The Tri-wing is far from a 911 with wings grafted on, but if you look hard enough, there are some Porsche commonalities.


Porsche has an iconic look. When you’re designing a spaceship, and working with Porsche, how do you keep that look and feel without being so obvious in the Star Wars universe?
Chiang: That was the biggest challenge. We really didn’t want to stick wings on a Porsche car because that would be the obvious answer. The nuance actually came from Michael Mauer [VP of style at Porsche], where he said, “Let’s just take some of the proportional details” and those were the things that we’re going to translate to our spaceship designs. Things like the cockpit. The strong shoulders of the body. Those are the elements that you’ll see in our finished model that actually retain the proportions of a Porsche car. But then on top of that, we brought in a lot of little details. If you look at the back of the spaceship, there are very distinct grille patterns from a 911 along with very distinct little red accent lights. And then we have red tail lights as well. They’re very distinctly Porsche.

What character in the Star Wars universe would you find flying this thing around?
: That has yet to be determined, so we don’t know. But it’s going to be a rogue pilot of some kind, some kind of a mechanic who would actually appreciate this kind of design. 

So we will see this ship in the Star Wars universe?
: Yes, that is our hope, that this will live in one of our storytelling projects in the future.

Maybe when baby Yoda turns the equivalent of 16.
Chiang: (Laughs) Yes. Excellent.

Porsche North America CEO Klaus Zellmer.

Ashley Esqueda/CNET

Why this collaboration, and why now?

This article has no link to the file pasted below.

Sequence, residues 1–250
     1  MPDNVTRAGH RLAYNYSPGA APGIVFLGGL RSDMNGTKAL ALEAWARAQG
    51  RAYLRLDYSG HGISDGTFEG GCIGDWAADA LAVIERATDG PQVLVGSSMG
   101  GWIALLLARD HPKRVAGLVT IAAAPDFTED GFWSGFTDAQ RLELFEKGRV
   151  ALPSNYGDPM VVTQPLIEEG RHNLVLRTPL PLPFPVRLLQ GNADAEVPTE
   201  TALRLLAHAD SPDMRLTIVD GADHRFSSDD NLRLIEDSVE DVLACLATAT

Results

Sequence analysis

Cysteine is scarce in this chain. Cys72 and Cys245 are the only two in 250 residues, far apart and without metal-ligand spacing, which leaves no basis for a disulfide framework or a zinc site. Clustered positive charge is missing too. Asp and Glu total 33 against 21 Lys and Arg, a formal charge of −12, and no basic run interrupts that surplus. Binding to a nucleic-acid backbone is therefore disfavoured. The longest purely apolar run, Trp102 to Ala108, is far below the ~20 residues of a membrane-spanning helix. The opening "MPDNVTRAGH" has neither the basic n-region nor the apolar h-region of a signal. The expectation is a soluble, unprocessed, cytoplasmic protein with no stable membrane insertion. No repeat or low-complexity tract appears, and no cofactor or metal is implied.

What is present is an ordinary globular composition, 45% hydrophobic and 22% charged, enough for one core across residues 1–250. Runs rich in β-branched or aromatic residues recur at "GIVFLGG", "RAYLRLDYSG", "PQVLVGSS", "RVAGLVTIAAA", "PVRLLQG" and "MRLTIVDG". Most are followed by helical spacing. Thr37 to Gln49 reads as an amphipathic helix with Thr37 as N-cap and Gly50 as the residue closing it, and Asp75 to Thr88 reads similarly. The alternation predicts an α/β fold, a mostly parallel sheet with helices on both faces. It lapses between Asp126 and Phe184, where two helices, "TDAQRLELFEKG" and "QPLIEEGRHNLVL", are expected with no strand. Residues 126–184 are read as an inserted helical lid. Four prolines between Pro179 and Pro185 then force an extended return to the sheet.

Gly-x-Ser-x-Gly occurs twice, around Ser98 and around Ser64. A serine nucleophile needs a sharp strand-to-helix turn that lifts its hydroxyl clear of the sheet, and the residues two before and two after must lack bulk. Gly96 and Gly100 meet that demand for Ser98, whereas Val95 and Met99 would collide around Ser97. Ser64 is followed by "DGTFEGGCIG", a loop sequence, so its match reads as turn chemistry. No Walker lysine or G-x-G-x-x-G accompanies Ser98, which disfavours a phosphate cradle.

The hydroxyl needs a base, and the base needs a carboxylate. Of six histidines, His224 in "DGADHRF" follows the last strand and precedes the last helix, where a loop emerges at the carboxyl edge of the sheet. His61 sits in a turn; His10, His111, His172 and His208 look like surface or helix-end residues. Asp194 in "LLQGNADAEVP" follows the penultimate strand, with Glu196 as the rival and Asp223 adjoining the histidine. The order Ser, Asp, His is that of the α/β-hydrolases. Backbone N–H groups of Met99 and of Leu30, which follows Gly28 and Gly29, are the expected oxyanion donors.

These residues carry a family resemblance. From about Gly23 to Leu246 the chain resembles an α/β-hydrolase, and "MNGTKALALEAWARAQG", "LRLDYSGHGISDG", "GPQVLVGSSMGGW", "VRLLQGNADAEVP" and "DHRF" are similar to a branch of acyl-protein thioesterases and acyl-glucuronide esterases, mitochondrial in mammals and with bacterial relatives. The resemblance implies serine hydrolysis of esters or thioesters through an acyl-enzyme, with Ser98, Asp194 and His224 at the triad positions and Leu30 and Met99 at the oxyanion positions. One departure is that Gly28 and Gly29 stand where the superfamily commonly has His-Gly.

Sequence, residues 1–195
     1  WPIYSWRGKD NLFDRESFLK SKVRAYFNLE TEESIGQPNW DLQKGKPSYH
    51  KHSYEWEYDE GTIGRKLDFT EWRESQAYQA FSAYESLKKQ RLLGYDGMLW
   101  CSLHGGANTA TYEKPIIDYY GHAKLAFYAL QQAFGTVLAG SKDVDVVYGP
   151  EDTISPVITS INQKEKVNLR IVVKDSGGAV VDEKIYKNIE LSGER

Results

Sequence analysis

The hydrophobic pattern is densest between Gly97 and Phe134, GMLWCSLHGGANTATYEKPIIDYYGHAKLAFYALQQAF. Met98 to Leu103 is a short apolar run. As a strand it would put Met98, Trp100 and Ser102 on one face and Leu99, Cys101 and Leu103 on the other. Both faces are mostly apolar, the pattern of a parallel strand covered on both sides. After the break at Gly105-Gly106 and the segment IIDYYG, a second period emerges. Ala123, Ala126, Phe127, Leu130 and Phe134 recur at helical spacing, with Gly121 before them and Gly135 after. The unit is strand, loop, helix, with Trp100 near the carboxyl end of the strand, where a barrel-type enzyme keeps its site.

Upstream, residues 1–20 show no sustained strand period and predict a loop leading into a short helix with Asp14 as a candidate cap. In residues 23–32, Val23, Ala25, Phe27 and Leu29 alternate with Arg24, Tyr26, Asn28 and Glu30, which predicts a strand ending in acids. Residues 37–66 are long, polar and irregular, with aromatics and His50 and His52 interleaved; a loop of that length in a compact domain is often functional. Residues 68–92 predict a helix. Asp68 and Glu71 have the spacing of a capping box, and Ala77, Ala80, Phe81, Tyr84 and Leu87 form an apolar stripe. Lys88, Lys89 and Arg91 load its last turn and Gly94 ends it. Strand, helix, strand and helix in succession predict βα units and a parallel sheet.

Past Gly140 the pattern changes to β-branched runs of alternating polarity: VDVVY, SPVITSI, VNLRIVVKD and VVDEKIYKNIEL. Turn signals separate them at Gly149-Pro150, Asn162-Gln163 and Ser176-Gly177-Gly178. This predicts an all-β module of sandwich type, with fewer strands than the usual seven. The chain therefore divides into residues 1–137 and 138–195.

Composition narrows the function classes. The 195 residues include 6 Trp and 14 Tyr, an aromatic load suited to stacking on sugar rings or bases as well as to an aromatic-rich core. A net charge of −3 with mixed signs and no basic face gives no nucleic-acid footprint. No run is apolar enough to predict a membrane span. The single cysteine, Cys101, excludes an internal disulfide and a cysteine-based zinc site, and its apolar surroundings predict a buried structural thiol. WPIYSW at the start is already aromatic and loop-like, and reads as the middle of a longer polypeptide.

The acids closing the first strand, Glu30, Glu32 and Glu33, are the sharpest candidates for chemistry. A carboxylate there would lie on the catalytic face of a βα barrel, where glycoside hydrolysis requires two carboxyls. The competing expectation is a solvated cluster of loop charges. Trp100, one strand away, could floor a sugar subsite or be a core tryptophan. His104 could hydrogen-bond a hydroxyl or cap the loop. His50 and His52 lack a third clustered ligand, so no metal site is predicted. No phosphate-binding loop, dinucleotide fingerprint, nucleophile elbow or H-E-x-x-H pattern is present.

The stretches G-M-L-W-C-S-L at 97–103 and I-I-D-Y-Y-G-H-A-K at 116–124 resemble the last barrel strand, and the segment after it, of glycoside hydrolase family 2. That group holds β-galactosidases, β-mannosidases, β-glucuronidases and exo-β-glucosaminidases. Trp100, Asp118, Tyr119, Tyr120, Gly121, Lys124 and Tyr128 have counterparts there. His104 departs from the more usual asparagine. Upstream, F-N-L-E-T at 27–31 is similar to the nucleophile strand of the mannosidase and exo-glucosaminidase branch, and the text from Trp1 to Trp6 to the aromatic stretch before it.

Klaus Zellmer
: With Porsche, we’re always reaching out and looking out for partners that we want to collaborate with in an authentic way to reach new audiences. And it’s not all about the car. When you talk about Porsche, it’s all about imagination. It’s about the future. It’s about design innovation. It’s beyond automotive. And when we first talked to Disney-Lucasfilm it was a bit of a battle to find that common denominator that would not look cheap, and would produce something exciting. And at the end of the day, we’re so happy that we found this overlap or this touch point of design and collaboration.

If you look at starships and Star Wars, this is design, it’s functional design. It’s beautiful. And yet it has to work. So it has to be part of a movie that people believe in. And our cars, of course, have a different design philosophy. Bringing that together and seeing how we can benefit from each other was a great process.

When Doug Chiang came over to our research and development department, it was a bit like a kid in a candy store because it was design at its best for cars. And then when he started talking to our head of design Michael Mauer, I mean, they wouldn’t stop … I think they were sitting together sitting there talking about design, and philosophy, and what you have to take into consideration for hours and hours. So it truly is something that is very much related to brand, but also to persons. And now we couldn’t be more proud to see a spaceship that they produced together.

Let’s pretend that you can see far into the future. When do you think Porsche will make spaceships for us to fly around?
: We have announced that we are working on a flying object that will be electric. And that will serve for short mobility needs in urban areas. It looks a bit like a Star Wars ship, actually. And this is a sheer coincidence, because that flying object has to serve, you know, certain technical purposes. And so maybe we can do that.